We all lie. More or less… sometimes to embellish the facts, sometimes to conceal the truth or to cover up our actions. Who does not know it? Children learn to lie very early: mostly they know that they acted against rules and want to cover up their deeds. Over time, they become more adept at it – they learn to lie better. Some say: “White lies” are allowed in order not to harm the other person. Others are strictly against it – at least in theory – and say: all kinds of lies cause harm.
Is lying a “necessary evil” or do we need it to survive?
Compliments do not always come from the heart: we give them when we want to make the partner happy – even if the cooked dinner tastes awful or the newly bought dress does not fit her (not to mention shoes). Without “being well liked” by others, we could not exist in society: we would remain all alone. Or let’s imagine the situation the other way round: what would happen if we always came out with the truth? Is the other person always able to be confronted with the truth (from my point of view, truth – and therefore subjective)? Would we always be able to save face? No and No. You need lies to survive, to build or maintain relationships. So, the question is:
How many lies can a relationship tolerate?
In a relationship, love, devotion and the desire not to harm my partner play an enormous role. The balance between my desires and the desires of my partner, are sometimes difficult to maintain and often require tact. Fear also plays a role, that we don’t want to hurt the other person. Acting out of fear is, per se, not something that should be called “good” or “bad”. It has existed for thousands of years to warn us of danger (then of large predators – today of other “predators”). But how about saying a compliment not out of fear, but because we don’t want to destroy the joy that our partner(s) has, but to participate in it? In this way, a compliment or an opinion can come across more authentically.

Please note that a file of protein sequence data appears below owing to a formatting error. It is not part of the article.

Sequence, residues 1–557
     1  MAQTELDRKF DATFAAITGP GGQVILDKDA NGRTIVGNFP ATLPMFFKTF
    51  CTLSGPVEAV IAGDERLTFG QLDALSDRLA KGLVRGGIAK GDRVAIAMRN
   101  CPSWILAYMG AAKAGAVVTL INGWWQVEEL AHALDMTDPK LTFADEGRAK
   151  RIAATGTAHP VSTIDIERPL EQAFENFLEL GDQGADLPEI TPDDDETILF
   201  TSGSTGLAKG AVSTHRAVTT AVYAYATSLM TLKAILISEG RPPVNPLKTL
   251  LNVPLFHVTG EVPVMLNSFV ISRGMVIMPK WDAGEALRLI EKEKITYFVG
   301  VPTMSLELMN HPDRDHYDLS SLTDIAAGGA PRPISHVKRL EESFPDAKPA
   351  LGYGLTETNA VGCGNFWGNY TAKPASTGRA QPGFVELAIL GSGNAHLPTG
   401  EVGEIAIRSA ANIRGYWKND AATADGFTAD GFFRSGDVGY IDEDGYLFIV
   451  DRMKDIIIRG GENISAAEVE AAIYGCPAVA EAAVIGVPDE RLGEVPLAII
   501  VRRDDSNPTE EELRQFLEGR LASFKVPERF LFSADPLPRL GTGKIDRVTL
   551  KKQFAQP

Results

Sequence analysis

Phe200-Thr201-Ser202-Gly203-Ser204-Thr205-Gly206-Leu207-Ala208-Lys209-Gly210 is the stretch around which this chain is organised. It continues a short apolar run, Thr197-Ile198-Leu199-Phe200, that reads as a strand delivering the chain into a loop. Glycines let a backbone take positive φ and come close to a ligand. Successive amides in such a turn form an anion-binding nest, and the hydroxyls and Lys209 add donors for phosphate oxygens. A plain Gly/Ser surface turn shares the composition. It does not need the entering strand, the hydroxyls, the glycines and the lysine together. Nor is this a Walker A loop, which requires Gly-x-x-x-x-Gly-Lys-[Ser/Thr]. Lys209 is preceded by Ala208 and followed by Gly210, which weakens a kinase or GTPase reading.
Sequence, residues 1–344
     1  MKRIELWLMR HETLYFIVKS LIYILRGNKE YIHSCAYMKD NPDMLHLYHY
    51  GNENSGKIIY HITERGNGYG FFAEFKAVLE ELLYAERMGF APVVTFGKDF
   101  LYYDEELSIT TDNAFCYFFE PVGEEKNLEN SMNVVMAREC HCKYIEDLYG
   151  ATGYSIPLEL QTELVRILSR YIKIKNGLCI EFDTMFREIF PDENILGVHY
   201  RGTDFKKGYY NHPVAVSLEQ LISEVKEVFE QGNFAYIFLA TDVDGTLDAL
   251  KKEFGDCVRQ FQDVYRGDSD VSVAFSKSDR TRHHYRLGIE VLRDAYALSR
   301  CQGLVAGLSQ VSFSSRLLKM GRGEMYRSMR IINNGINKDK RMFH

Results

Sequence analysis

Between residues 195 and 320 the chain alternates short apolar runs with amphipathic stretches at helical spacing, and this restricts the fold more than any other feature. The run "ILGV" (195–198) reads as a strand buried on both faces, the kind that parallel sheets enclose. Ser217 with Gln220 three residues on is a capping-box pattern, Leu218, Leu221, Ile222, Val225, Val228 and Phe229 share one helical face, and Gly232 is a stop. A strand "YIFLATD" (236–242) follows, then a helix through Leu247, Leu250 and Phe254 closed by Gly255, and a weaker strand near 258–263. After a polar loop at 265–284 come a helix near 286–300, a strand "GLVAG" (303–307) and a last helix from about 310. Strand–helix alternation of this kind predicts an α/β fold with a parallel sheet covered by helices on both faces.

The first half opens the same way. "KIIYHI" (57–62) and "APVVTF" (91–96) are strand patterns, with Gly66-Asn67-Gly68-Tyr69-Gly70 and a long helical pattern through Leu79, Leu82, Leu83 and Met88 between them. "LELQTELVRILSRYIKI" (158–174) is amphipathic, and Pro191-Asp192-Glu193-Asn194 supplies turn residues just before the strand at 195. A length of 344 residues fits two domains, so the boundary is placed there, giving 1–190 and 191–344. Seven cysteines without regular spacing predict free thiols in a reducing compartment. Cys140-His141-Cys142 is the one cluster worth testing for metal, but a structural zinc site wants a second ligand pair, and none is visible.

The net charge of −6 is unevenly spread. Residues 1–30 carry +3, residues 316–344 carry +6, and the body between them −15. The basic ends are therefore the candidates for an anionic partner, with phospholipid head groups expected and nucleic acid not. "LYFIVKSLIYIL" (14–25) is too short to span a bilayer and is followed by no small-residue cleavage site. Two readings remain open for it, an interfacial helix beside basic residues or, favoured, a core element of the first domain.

Nobody likes people who make excuses – and what’s more, you notice them very quickly.
Excuses simply mean that people look for various reasons to “protect” – “hide” – negative facts: often this is to protect their own interest or simply a guilty conscience. This is not the open, honest attitude that one expects from one’s partner. Therefore, it is worth asking some questions: Why does someone act, speak in this way? What could be the causes? Is he afraid of…? Does he have trouble with confrontation? Can he basically admit his own mistakes or does he run away more often…? And last but not least: Did I in any way contribute to the other person choosing this way of dealing with me?
You can read more about this here: Do You Continue to Make Excuses for Unacceptable Behavior?
Some lies can destroy a relationship from the ground up, such as: cheating (unless you are in an open relationship or you made an agreement with your partner), hiding addictions (drugs, gambling, etc.). Understanding why such cases happen is essential if the relationship is to be saved. Since such lies are intentional and have probably been going on for a long time, asking questions often gets you nowhere. Exposed, deliberate lies leave deep hurts and traces. You need a third person (couples counselling, therapy – individually or together).
More information: How to Tell If Your Spouse Is Lying
Finally, some good news: the longer we live in a relationship, the better we can get to know the other person, with all his or her “tics”. Conversations and open communication in which one expresses one’s anger or disappointment can put the partner in empathy (you can read much more about this in my book)
(Curious? Read more in my blog about Communication between men and women). 😊
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